When I finally stopped training like a madman, I started making gains.
The less I trained, the more strength and size I added.
Life is a big conflicting and confusing and counter-intuitive thing, right?
When I was a skinny hardgainer, I was lifting every day, doing many sets of many exercises. I ate all damned day long.
After years of frustration, I took a different approach.
That year I did that, I gained 60 pounds and was still under 6 percent body fat.
Don't ever let anybody tell you that's impossible. I did it. I know you can, too.
No steroids, either.
If you want to – but you must think out of the box.
Like I did.
If it ain't working, stop doing it. Try something else.
After all, the definition of insanity is doing the same thing over and over again and expecting a different result.
Ain't. Gonna. Happen.
Eggs are the perfect muscle-building food: They're protein-dense, promote fat loss, and the bad cholesterol image they've been saddled with was completely overblown!
Eggs offer the most complete source of protein from food (as opposed to supplements); in fact, they're the yardstick that all other foods fail miserably at measuring up to. The “biological value” (BV) of the egg is 100 on a scale of 1 to 100. Cow's milk, for example, comes in at 91 while beef comes in at 80 (wikipedia).
On a side note, whey protein isolate (from cow's milk) comes in at a whopping 104! This is the primary reason that you should be ingesting, and investing in, whey protein powders mixed with milk.
Coupled with its small size, the egg gives you a lot of protein for its small weight. In other words, it's protein rich and nutrient dense.
Don't worry, either, about the fat or the cholesterol in eggs (if you're a healthy individual): You will not increase your body fat or cholesterol levels by ingesting several eggs a day. In fact, you could probably eat a dozen eggs a day for several weeks in a row (if not months) and not suffer any ill consequences.
The egg is an ideal source of protein, offering all of the essential amino acids your body needs. Plus, eggs have an incredible anabolic effect on a person's body. Old timers like the late Vince Gironda used to prescribe dozens of eggs a day to his pupils during their brief (3 to 6 weeks) “bulking up” phases. This super food causes an outpouring of human growth hormone, which helps immensely in BOTH muscle-building and fat-loss efforts.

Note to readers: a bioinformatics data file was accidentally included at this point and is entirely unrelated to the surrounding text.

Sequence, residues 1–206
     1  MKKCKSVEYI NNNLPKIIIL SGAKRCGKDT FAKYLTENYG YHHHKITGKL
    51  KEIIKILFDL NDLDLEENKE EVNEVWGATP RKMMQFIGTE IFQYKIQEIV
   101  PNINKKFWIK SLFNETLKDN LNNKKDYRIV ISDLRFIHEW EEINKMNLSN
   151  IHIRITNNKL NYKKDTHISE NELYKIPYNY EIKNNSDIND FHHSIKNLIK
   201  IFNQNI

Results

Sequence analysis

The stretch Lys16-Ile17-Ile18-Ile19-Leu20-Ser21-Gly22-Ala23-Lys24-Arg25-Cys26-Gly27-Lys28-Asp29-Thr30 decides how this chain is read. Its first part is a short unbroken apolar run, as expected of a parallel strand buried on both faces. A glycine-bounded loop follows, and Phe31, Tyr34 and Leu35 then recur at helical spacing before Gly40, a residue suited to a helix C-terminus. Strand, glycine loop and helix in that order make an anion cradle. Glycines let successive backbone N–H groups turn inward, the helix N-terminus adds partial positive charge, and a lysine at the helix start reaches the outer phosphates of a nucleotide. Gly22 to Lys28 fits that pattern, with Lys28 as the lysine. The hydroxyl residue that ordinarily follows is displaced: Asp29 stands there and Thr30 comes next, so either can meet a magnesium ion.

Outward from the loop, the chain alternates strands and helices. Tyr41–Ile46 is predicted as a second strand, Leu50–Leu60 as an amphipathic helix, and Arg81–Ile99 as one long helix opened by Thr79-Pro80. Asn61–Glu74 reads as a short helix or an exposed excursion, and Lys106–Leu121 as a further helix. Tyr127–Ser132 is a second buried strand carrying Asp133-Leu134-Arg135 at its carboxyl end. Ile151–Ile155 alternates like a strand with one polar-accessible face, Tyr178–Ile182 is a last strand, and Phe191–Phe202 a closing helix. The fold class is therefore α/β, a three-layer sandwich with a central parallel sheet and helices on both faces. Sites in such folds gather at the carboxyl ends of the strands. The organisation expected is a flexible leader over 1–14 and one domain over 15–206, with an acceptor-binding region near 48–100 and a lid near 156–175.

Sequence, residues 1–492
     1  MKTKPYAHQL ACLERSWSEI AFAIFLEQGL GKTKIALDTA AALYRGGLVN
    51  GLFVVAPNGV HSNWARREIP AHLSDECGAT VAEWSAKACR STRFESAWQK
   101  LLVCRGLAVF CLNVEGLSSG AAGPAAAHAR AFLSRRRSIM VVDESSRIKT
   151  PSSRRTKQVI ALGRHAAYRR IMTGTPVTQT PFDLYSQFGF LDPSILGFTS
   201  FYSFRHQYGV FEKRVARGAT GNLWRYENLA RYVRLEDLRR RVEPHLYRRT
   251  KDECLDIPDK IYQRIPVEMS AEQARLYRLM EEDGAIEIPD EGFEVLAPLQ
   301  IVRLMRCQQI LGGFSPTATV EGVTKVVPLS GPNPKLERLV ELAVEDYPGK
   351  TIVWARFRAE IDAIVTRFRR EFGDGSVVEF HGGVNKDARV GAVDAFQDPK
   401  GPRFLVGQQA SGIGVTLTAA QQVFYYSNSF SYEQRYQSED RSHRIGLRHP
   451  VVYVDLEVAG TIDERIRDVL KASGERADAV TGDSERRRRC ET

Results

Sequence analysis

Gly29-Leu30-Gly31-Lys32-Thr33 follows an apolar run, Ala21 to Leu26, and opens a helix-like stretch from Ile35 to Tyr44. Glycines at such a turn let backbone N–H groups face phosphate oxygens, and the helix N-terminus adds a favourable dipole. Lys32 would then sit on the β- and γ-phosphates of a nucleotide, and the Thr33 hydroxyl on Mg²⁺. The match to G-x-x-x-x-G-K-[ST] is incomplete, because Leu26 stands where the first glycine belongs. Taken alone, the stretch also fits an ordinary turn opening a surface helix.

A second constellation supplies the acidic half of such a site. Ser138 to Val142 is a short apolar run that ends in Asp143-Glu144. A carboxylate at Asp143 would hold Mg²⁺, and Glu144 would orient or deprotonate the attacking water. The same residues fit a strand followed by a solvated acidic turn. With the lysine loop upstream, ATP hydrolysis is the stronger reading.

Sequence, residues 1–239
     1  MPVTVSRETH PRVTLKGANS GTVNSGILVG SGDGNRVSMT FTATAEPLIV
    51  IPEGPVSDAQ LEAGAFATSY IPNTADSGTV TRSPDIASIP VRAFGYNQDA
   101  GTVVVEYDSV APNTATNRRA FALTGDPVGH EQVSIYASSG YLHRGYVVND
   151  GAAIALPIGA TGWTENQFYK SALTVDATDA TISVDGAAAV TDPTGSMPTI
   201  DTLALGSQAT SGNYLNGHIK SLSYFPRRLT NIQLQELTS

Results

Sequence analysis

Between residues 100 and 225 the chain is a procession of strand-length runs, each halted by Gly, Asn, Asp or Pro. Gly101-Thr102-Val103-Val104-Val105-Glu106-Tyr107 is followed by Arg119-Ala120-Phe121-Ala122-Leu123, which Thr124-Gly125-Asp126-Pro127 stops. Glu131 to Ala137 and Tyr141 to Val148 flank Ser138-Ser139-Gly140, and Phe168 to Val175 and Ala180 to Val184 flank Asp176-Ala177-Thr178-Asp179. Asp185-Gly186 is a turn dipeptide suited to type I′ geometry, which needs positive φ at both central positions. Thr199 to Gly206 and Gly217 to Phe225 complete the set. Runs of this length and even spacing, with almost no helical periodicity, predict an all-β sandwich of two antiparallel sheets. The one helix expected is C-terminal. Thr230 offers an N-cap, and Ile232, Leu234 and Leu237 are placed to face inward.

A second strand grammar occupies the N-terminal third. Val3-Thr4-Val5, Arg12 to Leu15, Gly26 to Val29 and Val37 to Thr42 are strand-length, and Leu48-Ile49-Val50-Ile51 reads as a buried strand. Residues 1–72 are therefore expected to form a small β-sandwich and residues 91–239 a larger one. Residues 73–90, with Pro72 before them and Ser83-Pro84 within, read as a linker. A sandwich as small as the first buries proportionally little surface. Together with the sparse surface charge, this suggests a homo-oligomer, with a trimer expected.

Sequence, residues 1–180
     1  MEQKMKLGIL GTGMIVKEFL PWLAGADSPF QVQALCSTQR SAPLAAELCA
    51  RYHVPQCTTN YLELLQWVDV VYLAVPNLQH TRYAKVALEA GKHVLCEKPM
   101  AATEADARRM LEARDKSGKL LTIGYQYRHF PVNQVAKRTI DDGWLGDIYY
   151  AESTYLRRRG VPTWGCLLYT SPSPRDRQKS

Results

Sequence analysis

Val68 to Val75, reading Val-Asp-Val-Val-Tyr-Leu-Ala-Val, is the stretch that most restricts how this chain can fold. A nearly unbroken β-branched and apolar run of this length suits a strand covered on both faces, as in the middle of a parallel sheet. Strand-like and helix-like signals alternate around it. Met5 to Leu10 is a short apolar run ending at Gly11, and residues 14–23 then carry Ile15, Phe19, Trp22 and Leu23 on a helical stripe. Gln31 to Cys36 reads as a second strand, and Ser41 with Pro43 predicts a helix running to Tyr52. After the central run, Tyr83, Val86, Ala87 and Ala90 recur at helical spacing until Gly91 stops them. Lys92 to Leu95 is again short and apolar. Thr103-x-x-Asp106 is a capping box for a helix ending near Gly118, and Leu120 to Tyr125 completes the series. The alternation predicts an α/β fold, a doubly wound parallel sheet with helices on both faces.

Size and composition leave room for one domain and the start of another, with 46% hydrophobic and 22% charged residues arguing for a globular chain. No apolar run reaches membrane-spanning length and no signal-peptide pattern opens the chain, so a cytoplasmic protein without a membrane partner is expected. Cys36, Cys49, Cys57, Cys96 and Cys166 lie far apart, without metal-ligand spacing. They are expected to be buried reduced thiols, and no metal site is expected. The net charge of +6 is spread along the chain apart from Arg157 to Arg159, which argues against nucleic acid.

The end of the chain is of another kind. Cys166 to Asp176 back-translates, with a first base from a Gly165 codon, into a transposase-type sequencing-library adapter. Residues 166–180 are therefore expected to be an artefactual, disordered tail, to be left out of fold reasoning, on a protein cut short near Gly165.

In short, you will build muscle and drop bodyfat by making intelligent use of eggs in your diet.
Give them a try! You'll like the results.
will k asked: I'm planning to start working out again at the gym. I'm 14, around 6 foot and I weigh about 145 lbs. I'm skinny, so I'm mostly muscle and no fat. I'm very athletic so I can't really gain weight. Before or after my workouts, what should I eat or drink? Should I buy muscle building supplements?
My answer: You have to begin eating a lot. You have to create a positive caloric balance – which simply means eat more than you expend.
And it's hard. It really is. Believe me when I say I used to be like you – all muscle, no fat, but the muscle I had was little. I was skinny.
It felt like I was going to eat until I exploded. I'd go periods of time where I just wasn't hungry, followed by times where I couldn't get enough to eat.
My metabolism was on a roller coaster. I couldn't gain a pound.
And if I gained a pound, I'd lose it just as quickly as I'd gained it.
So I began eating 8 times a day, about 30-40 grams of protein at each feeding. I stopped running. I stopped moving almost entirely. I had to stop worrying.
I thought more training was better. It's not. I cut my training down a lot – down to 3 times a week on a split routine, so in any given week the MOST I trained any bodypart was twice.
But I lifted heavy. Few sets, low reps, high weights.
Focus on getting stronger. Once you're stronger, you can lift heavier weights in your bodybuilding routines.
But the key is eating a lot. Supplements are your friend.
But don't eat weight gainers – they fuck up your metabolism. The sugar kills your gains. Use something like MetRx instead. Trader Joe's carries it and it's not terribly expensive.